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# -*- coding: utf-8 -*-
"""
Collatz conjecture: start with any positive integer n. Next term obtained from
the previous term as follows:
If the previous term is even, the next term is one half the previous term.
If the previous term is odd, the next term is 3 times the previous term plus 1.
The conjecture states the sequence will always reach 1 regardless of starting
n.
Problem Statement:
The following iterative sequence is defined for the set of positive integers:
n → n/2 (n is even)
n → 3n + 1 (n is odd)
Using the rule above and starting with 13, we generate the following sequence:
13 → 40 → 20 → 10 → 5 → 16 → 8 → 4 → 2 → 1
It can be seen that this sequence (starting at 13 and finishing at 1) contains
10 terms. Although it has not been proved yet (Collatz Problem), it is thought
that all starting numbers finish at 1.
Which starting number, under one million, produces the longest chain?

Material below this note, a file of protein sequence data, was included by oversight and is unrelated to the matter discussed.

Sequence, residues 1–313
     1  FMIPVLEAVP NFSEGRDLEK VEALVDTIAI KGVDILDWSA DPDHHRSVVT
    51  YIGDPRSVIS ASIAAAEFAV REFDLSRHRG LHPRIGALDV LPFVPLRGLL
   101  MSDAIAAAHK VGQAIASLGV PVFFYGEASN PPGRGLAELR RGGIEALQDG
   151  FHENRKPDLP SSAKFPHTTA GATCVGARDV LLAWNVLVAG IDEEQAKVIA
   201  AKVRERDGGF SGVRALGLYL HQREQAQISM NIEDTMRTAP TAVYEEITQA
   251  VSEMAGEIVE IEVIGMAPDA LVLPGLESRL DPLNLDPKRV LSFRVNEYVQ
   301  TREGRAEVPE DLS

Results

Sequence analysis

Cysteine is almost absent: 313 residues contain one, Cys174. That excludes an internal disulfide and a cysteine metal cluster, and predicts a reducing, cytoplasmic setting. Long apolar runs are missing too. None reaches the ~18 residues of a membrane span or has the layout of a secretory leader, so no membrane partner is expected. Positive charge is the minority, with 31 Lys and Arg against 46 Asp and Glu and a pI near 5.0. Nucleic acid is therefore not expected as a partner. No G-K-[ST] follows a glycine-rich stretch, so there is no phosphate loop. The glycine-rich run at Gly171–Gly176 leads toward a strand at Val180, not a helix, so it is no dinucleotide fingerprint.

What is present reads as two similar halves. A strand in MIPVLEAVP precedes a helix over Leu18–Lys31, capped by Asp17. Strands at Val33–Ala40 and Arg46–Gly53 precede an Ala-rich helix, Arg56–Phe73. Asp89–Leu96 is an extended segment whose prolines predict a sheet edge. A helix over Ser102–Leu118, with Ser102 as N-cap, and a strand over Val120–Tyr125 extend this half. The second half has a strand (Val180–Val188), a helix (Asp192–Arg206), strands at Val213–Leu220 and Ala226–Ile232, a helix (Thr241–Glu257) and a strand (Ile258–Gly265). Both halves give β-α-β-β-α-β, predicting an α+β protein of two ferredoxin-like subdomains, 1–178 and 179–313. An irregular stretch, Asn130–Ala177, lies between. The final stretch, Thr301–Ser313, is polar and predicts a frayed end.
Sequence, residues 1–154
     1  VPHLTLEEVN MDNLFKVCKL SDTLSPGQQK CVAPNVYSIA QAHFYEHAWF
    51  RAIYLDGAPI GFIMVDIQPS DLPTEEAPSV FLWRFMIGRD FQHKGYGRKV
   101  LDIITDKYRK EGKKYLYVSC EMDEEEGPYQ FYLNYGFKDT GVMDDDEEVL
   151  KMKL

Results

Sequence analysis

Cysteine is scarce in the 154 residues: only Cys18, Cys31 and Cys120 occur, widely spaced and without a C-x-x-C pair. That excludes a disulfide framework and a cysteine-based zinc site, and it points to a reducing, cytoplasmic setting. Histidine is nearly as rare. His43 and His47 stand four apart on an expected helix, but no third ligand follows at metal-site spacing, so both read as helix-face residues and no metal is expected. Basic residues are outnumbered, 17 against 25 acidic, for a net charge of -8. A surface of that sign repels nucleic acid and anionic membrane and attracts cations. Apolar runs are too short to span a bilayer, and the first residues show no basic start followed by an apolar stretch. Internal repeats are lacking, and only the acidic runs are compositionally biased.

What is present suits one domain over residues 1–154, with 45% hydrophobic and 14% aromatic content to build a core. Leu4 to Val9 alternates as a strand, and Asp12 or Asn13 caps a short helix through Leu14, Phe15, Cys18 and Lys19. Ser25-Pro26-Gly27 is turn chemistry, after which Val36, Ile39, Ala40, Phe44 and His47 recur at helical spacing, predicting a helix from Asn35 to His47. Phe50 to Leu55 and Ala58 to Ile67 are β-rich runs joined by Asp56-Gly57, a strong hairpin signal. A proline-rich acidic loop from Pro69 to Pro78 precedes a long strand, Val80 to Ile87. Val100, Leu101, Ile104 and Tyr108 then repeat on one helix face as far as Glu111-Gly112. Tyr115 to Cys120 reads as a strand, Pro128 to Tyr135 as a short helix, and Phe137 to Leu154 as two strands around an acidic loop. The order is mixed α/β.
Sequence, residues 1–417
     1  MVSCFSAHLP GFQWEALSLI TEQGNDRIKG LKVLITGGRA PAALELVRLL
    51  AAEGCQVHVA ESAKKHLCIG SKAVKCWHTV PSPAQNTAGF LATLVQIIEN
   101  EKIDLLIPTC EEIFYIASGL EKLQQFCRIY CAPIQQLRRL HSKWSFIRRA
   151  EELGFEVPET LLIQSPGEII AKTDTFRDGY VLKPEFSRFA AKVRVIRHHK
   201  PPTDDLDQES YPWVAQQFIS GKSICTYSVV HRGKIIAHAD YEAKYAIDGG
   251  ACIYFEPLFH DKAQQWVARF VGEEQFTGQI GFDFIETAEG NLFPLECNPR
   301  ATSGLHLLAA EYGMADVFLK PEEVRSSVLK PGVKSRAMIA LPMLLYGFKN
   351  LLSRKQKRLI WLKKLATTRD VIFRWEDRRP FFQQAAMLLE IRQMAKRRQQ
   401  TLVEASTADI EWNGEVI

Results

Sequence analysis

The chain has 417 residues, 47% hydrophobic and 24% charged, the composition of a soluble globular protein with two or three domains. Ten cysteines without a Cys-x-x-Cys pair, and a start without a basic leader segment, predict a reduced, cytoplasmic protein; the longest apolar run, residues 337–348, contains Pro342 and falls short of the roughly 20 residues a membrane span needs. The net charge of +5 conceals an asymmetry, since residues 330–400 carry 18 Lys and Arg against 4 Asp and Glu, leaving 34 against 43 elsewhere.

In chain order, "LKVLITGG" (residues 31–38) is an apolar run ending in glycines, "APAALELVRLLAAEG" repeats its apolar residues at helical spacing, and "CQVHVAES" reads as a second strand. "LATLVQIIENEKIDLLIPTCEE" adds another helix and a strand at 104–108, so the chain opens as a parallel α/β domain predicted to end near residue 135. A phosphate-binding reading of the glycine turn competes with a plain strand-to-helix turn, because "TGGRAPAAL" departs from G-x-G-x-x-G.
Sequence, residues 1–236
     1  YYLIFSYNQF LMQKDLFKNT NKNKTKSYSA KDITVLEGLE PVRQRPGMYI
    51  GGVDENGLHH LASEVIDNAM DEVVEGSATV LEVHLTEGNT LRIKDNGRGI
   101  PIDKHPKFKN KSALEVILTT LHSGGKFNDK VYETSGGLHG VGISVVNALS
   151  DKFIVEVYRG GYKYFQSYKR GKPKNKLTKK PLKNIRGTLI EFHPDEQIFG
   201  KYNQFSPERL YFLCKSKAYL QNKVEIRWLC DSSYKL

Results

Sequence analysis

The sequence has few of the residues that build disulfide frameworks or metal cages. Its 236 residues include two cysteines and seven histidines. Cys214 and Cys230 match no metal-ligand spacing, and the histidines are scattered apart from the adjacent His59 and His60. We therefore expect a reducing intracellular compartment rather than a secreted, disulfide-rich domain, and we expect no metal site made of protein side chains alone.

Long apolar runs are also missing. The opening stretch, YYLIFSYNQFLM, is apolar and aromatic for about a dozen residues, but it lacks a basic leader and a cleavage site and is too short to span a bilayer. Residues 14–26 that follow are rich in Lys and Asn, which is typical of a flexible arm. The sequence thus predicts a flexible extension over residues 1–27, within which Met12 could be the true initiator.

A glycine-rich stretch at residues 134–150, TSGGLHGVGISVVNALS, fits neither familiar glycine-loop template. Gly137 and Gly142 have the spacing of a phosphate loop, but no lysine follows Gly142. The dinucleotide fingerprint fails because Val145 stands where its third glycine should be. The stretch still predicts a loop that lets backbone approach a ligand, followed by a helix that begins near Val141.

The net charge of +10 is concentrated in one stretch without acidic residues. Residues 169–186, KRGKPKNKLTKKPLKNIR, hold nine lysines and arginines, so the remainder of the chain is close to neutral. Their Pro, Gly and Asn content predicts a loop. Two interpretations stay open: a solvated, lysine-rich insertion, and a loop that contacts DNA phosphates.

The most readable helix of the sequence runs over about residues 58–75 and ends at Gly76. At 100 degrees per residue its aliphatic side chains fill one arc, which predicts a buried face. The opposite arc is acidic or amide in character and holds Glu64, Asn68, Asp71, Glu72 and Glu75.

"""
def collatz_sequence(n):
"""Returns the Collatz sequence for n."""
sequence = [n]
while n != 1:
if n % 2 == 0:
n //= 2
else:
n = 3 * n + 1
sequence.append(n)
return sequence
def solution(n):
"""Returns the number under n that generates the longest Collatz sequence.
# The code below has been commented due to slow execution affecting Travis.
# >>> solution(1000000)
# {'counter': 525, 'largest_number': 837799}
>>> solution(200)
{'counter': 125, 'largest_number': 171}
>>> solution(5000)
{'counter': 238, 'largest_number': 3711}
>>> solution(15000)
{'counter': 276, 'largest_number': 13255}
"""
result = max([(len(collatz_sequence(i)), i) for i in range(1, n)])
return {"counter": result[0], "largest_number": result[1]}
if __name__ == "__main__":
result = solution(int(input().strip()))
print(
"Longest Collatz sequence under one million is %d with length %d"
% (result["largest_number"], result["counter"])
)